We’re always happy to talk about the work of Karuna-Shechen here; the organization, which focuses on humanitarian work in the Himalayan region, is truly an inspiration. And it turns out, it had a great 2011. By which we mean that its work — 120 projects by the count of main coordinator Matthieu Ricard (pictured, center, above) — flourished, assisting many people in need. Here’s Ricard’s latest “annual report,” as it were; see if you’re not inspired.
Dear Friends of Karuna-Shechen,
The year 2011 has been fruitful and constructive for Karuna-Shechen and we have begun a few new ventures in our target countries.
In East Tibet, we are continuing our commitment to assist local people with their projects and needs. We are supporting the construction of two new large schools and a surgical clinic. We are helping with elementary schools and continuing our work with small medical clinics and social services. This includes support to the elderly, disabled, and destitute.
In Nepal, the Shechen Clinic has a new director, an experienced and dedicated Nepalese woman, Aruna Rayamajhi, who we hope will further lead the clinic towards fulfilling its mission of caring for the most needy. We have built two new Bamboo Schools (in Ilam and Jhapa) and the first Bamboo College. These projects enable more than 3,000 students to receive an education from kindergarten to pre-university level.
In the remote mountain area of Humla we are building an addition to a hostel for boarding children from distant villages. We are also in the process of adding new classrooms to the adjacent school. In collaboration with Bunker Roy, we have begun two rainwater collection projects, as well as continuing to work with him on our solar electricity programs in India and Nepal.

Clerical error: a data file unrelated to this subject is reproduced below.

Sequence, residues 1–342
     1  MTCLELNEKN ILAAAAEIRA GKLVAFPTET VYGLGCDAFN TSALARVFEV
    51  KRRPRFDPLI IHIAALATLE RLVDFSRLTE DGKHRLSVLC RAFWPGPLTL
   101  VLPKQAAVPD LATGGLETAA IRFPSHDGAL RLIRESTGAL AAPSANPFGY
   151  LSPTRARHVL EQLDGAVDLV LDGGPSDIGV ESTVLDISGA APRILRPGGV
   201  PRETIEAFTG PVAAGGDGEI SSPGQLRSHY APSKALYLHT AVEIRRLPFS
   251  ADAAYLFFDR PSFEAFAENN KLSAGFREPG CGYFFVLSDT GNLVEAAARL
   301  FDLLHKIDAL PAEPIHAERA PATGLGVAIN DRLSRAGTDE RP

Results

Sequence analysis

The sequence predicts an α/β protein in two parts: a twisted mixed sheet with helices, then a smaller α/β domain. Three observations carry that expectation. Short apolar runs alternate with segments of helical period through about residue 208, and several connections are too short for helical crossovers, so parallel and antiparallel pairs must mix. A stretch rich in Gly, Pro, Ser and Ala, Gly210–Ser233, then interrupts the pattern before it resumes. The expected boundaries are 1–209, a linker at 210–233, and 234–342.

In India, under the skilled and enthusiastic leadership of Shilpa Sharma, the program that trains illiterate village grandmothers to become solar engineers has been successful. Four women, trained at the Barefoot College to bring solar electricity to their villages, have brought light to over 300 households. Four nuns from our Shechen Orgyen Chöling nunnery in Bhutan are now being trained at the college and next spring a number of grandmothers will be sent from Nepal.
On the administrative side, 2011 was also a most constructive year thanks to the great kindness of our collaborators and our main benefactors and advisors who generously gathered from all over the world in Nepal, last April. Together, we could consider in-depth the outcome of ten years of Karuna-Shechen’s activities and, even more importantly, to carefully and realistically envisage our future. As a result of this memorable week of discussions, a clearer and more structured picture emerged for our organization, showing us a way to move forward.
The Karuna-Shechen co-workers in the various branches and sister organizations have been extending their most precious time and energy to further Karuna-Shechen’s activities.
- Our work has remained a living example of the interdependence and synchrony between good hearts at all steps and levels of our activities. Our field staff and the local coordinators make sure that our goals are achieved properly
- Our branches are carefully run by dedicated core collaborators of Karuna-Shechen, and
- Our benefactors make the whole endeavor possible through their loyal and generous support. Our donors have become close friends and advisors over the years and we owe them a deep debt of gratitude.
Contemplating the whole picture and all that we have achieved over eleven years despite our natural shortcomings, the 120 projects of Karuna-Shechen fill us with immense joy and boundless gratitude to all.
I am personally committed to continue to serve this noble purpose as long as I will be physically and mentally able to do so. Thank you all for your interest and support.
With warm wishes,
Founder of Karuna-Shechen
For more information and to learn how to take part in Karuna-Shechen’s work, visit them on the web.